Saturday, 14 May 2016

Kielder 80k race report

After six years of rocking up at ultra races, I can finally pen some thoughts on a WIN :-)

It's been an interesting winter with regards to preparation for the season, with experimentation on a number of factors. I've had a long delay in the start of my running training with the hope of peaking at the end of August, there has been the new focus on core and strength exercises, I've been playing around with the concentrations of the Mountain Fuel Xtreme Energy drinks, introduced sweet potatoes to my race food and started mixing my own gels.

At this point in time, I've no idea whether any of these factors has contributed through some marginal gains, but who cares, I've got a win.

What I do know is that I have enjoyed checking out the trails round Kielder. This is a new race to me and, with any new race, I try to take the opportunity to recce the course. Four trips up to Kielder gave me enough knowledge to know how to pay out my energy on race day with the most important point to note that the tougher running came in the first half of the race, with some seriously fast tracks in the final few hours. This blog is not the place to dwell on the various navigation mistakes I made on these recces - what happens in Kielder, stays in Kielder!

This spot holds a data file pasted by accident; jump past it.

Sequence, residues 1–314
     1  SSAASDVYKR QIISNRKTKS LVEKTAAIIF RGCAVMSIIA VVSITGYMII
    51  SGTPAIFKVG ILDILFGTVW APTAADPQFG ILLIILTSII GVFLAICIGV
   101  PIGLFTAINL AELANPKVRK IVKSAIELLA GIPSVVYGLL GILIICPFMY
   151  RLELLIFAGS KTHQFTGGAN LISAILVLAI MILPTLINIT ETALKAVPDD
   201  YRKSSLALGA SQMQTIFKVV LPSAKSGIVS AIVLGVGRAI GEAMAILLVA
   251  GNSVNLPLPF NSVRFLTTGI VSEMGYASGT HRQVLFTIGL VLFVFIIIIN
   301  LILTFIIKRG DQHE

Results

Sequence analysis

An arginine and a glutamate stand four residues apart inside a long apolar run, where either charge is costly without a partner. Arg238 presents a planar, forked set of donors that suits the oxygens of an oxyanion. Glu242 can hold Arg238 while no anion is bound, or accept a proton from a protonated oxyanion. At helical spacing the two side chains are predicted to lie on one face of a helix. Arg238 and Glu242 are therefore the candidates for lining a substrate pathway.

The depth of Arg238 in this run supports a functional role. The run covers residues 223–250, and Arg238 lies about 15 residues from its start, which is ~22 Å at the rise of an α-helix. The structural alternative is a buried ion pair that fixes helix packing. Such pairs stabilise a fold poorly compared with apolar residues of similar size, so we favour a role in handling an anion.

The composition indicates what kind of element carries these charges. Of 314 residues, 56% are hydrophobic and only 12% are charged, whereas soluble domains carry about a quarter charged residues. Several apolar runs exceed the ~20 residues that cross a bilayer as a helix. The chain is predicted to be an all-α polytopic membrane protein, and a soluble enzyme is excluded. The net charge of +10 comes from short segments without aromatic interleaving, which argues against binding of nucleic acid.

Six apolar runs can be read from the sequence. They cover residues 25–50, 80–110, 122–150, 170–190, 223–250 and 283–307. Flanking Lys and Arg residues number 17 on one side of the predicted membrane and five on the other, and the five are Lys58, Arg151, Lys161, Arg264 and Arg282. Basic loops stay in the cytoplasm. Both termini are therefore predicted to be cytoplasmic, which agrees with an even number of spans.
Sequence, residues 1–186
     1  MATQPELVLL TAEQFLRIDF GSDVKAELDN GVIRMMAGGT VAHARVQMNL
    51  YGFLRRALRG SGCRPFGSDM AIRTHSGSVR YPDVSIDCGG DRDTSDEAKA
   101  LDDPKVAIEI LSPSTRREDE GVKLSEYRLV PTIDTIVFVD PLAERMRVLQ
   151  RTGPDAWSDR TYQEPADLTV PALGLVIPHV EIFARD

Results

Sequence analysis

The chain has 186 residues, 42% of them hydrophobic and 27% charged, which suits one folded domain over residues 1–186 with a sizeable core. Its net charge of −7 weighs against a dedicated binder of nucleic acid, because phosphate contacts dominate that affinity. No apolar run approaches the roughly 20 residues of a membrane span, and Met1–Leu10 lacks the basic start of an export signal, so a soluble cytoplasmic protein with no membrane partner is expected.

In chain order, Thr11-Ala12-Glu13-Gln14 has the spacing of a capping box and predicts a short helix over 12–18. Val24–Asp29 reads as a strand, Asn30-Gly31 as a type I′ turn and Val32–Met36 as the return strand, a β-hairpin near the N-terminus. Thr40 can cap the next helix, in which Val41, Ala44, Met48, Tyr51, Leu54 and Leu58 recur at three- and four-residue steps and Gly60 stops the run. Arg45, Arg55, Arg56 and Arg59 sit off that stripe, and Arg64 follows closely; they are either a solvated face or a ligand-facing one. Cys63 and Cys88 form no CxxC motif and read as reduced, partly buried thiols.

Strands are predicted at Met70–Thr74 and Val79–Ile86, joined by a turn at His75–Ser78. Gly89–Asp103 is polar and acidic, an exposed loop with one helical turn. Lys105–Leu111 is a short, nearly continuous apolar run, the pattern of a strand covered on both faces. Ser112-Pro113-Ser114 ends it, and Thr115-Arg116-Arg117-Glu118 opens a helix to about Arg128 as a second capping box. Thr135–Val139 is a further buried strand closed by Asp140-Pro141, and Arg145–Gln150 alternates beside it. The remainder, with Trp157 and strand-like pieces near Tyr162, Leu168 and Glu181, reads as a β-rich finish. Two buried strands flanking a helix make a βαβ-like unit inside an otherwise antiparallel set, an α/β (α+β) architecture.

4am in the campervan, the alarm goes off, I pull back the curtains and can't see out. Two inches of snow at low levels, six inches on the fells. This could make things interesting.

For the first hour and a half loop to the Kielder Castle checkpoint, I settled in with three others, forming the lead group. It felt like a good but comfortable pace. After a bit of chatting, we sussed out that Jacob and Hugh were on the 100k event while Jon and myself were in the 80k. So at this point, at least, I had an idea of who I was up against.